Heres a surprisingly quick technique for making tightfitting dovetails

Train Table With Storage Plans

-Tight surface-to-surface ç contact between tails and pins p looks, they can't be beat. But these same qualities also make half-blind dovetails a great choice for solidwood cabinet construction, like die campaign chest on page 30.

However in case construction, the size of die pieces means you won't be able to use most commonly available dovetail jigs. That leaves you with two options. You can buy a bigger, adjustable dovetail jig, but these can be pretty expensive. Or you can cut them without a jig.

MO-JIG DOVETAILS. If the idea of cutting dovetails without a jig sounds intimidating, don't worry. I'd like to share an approach with you that combines old-fashioned craftsmanship with some timesaving steps and will give you great results. Hie secret — using a router to quickly rough out part of the joint (more on this Later).

When you open a drawer on a piece of fine furniture, you expect to see half-blind dovetails. With a strong mechanical connection, a huge amount of glue surface, and classic

NOTE: Cut all parts to same width and corresponding parts to same length for a square final assembly

Diagonal measurements will 3 _ he equal if assembly is square

Case Top

Before getting into the nuts and bolts of cutting the joints, there are some things I'd like to mention. First of all, to end up with a square final assembly, you want to make sure your parts are all cut to the same width. And that corresponding parts — top and bottom, and the two sides — are cut to the same length, as in the drawing at left.

WORK IN ORDER. The odier thing I want to talk about is die method of work. 1 break the process down into three parts: cutting the tails, making the pins, and fitting the joints. Then I take on each task all at one time. For example, I'll cut all die tails before starting work on the pins. It's more efficient this way and I can get into a rhydim by focusing on one part of the process.

GETTING STARTED. Now, you're ready to get started on the first half of the

Bevel Gauge Process

Layout ¡pacing of tails on the end / of the board--/-y

Mark a baseline on tail board to set length of tails

Length of tails

Use a bevel gauge to draw the shape of the tails on the face of the board

Lay Out the Tail Spacing. On the end of the workpiece, mark the spacing of the tails. I use a square to transfer the lines across the end.

Finish the Layout A bevel gauge comes in handy for drawing the slope of the tails on each face of the board.

Mark the Baseline. The first thing to do is lay out the baseline on each face of the "tail" board.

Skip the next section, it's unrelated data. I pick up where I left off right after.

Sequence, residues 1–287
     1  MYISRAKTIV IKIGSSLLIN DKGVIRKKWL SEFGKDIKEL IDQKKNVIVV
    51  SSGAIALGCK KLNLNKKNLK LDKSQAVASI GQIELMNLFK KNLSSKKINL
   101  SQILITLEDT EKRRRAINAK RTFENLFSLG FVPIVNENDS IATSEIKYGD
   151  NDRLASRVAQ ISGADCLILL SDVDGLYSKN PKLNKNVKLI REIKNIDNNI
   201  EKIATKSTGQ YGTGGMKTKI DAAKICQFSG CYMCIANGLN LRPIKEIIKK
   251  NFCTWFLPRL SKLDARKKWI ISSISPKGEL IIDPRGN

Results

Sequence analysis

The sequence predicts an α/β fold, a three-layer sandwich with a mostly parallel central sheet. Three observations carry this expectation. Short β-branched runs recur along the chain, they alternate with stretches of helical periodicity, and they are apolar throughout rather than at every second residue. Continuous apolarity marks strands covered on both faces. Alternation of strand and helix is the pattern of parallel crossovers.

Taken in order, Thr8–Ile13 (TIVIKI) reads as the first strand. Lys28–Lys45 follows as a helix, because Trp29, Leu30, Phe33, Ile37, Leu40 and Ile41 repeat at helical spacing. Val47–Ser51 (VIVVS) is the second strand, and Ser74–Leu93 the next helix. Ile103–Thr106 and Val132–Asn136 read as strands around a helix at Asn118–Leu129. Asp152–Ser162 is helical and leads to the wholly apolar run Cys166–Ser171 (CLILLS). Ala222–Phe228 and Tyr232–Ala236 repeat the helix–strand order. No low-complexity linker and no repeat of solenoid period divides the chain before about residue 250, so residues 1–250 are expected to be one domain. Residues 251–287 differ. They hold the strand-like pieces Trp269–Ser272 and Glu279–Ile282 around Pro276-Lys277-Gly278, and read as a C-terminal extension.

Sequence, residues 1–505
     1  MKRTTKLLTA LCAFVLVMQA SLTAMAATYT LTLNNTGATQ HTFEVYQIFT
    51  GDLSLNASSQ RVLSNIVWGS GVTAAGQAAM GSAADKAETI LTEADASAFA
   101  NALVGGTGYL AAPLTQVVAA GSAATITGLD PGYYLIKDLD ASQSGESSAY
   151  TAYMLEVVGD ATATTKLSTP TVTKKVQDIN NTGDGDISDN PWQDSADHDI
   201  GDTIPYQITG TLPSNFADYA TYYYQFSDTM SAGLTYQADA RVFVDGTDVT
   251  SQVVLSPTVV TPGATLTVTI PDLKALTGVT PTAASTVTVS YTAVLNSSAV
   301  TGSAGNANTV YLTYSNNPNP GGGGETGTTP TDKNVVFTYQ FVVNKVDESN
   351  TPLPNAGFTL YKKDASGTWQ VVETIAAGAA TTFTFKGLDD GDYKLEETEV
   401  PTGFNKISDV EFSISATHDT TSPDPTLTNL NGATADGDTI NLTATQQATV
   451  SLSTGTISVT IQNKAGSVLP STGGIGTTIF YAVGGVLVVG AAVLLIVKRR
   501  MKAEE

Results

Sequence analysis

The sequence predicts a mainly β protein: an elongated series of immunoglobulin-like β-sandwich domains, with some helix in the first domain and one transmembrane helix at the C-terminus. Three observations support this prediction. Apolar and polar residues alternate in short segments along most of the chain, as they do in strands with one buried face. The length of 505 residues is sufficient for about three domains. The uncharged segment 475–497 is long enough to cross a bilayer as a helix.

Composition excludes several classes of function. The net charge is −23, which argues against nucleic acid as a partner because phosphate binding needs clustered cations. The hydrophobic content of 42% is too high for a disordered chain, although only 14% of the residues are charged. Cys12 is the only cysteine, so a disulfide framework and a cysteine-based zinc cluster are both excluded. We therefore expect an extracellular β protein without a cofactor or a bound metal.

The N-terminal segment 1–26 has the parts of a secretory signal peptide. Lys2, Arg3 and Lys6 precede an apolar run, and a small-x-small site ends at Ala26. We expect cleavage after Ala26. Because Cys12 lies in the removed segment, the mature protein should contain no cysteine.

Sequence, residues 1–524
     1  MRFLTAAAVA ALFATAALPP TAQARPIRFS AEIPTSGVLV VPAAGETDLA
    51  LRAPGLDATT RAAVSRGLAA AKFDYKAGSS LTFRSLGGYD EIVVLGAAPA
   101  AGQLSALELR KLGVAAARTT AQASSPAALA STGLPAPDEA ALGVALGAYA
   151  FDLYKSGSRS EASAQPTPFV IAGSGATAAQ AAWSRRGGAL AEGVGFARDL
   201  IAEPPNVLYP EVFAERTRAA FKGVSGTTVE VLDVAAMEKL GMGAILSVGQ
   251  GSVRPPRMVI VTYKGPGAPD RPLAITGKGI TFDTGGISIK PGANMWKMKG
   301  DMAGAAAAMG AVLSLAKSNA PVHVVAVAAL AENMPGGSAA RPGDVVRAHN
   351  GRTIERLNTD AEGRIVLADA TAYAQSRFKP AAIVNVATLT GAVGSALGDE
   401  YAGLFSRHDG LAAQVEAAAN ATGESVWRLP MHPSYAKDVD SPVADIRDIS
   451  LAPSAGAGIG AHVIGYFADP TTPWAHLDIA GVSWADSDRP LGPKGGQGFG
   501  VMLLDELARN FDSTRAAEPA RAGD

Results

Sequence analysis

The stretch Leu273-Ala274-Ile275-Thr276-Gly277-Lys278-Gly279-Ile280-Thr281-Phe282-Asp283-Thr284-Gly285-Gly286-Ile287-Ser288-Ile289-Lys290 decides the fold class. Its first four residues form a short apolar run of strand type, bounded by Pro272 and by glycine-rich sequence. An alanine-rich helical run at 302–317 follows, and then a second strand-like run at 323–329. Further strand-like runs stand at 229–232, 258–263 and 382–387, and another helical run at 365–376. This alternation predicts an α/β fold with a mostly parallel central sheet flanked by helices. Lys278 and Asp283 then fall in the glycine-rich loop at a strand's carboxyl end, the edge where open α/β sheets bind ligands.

joint — the tails. I find it's easier to cut accurate tails and use them as a template for laying out the more challenging pins la ter on. The drawings on this page give you a good idea of the step-by-step process. So I'll just mention some highlights to help you get the best results.

To keep myself from getting the parts mixed up, I label each piece. It's also a good idea to label the inside and outside faces so you know at a glance which way the parts should face when cutting.

LAYOUT. With your tail boards in hand, mark the length of the tails by drawing a baseline on the face of the board, as shown in Step 1.

The next step is to lay out the spacing of the tails on the end of the board based on the plans on page 32 (Step 2). Then finish up by marking the angled shape of the tails on the face, as in Step 3.1 also mark the waste area with an 'X.'

SAWING THE TAILS. When you have the layout complete, you're ready to start cutting the tails. This is a simple, three-part process.

Clean out waste with a coping saw

Tilt workpiece in\ vise so tail cuts are square to benchtop


Cut to waste side I of layout line



Make Cheek Cuts. With a fine-toothed back saw, cut the angled cheeks of the tails. Cut as close to the layout lines as possible.

Remove the Waste. A quick way to remove the waste between tails is to cut it away with a coping saw Two quick cuts is all it takes.

If necessary, pare away saw marks with a chisel ,

Trim to baseline of tails working from each face

First, the cheeks of the tails are cut with a back saw, as illustrated in Step 4. The goal you're aiming for here is to cut flat, smooth cheeks as close to the layout lines as possible. This way, you'll only have a little cleanup work to do.

The challenge here is sawing a straight line at an angle. To make this easier, lilt the board in the vise so the layout lines are vertical. Now cut one side of all the tails. Then rotate the board to cut the other side.

Clean up the Cheeks. If necessary, clean up the cheeks with a chisel. Taking thin cuts across the grain will prevent tearout.

REMOVING THE WASTE. The next step is to remove the waste between the tails. I use a coping saw, as in Step 5. Leave a little waste near the baseline for the final cleanup.

Since you removed most of the waste with the coping saw, you'll be able to clean up the tails with just a little trimming. One more thing:

Trim the Baseline. Working from each face, chisel out the waste. On the final cut, the chisel should be right on the baseline.

To avoid tearout, I make these trim cuts from each face, working toward the center of the board.

Once you've finished trimming all the spaces between the tails, you're ready to move on to the pins. And on the next page, I'll show you a technique that can really save some time and give you good results.


Tail hoard

Transfer the Tail Shape. Set the tails over the end of the pin board and trace their outline with a pencil.

Transfer tail shape to end of pin board

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Wood Working 101

Wood Working 101

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